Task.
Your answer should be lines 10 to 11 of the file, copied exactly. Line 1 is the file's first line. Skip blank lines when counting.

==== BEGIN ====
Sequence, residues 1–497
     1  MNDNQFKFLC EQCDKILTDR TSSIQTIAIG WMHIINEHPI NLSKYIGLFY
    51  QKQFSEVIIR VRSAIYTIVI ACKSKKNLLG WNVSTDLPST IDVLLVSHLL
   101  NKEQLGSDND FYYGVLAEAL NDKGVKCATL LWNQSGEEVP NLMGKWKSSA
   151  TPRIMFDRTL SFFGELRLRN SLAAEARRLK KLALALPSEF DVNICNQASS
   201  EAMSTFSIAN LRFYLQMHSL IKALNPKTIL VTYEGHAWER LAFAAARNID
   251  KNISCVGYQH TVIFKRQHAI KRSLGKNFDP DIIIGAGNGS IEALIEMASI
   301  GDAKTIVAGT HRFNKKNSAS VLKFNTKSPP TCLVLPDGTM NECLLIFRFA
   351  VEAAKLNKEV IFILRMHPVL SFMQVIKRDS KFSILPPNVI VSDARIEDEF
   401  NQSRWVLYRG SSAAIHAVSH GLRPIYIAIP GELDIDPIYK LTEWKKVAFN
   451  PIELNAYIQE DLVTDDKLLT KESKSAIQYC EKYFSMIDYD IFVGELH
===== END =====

   401  NQSRWVLYRG SSAAIHAVSH GLRPIYIAIP GELDIDPIYK LTEWKKVAFN
   451  PIELNAYIQE DLVTDDKLLT KESKSAIQYC EKYFSMIDYD IFVGELH